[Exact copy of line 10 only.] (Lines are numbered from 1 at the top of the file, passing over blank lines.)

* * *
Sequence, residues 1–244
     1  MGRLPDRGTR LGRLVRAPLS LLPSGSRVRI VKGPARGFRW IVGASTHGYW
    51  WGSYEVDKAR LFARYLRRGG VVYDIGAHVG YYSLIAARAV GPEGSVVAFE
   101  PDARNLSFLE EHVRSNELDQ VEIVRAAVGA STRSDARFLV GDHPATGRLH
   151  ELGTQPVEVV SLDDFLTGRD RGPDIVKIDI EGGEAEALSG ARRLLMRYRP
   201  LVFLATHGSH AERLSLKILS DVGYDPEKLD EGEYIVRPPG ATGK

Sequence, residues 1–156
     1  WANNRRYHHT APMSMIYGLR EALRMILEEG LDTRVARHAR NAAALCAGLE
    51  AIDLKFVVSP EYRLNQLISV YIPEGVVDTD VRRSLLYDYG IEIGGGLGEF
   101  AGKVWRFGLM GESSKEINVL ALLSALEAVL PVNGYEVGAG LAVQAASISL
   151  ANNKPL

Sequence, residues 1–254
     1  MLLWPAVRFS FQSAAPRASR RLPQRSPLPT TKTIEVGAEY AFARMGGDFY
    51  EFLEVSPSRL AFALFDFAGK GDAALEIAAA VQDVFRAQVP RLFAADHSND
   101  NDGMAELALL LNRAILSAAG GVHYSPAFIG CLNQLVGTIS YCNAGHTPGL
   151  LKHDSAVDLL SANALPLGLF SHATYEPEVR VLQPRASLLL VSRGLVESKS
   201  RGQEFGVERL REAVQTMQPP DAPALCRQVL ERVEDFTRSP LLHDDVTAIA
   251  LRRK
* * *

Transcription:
   101  AGKVWRFGLM GESSKEINVL ALLSALEAVL PVNGYEVGAG LAVQAASISL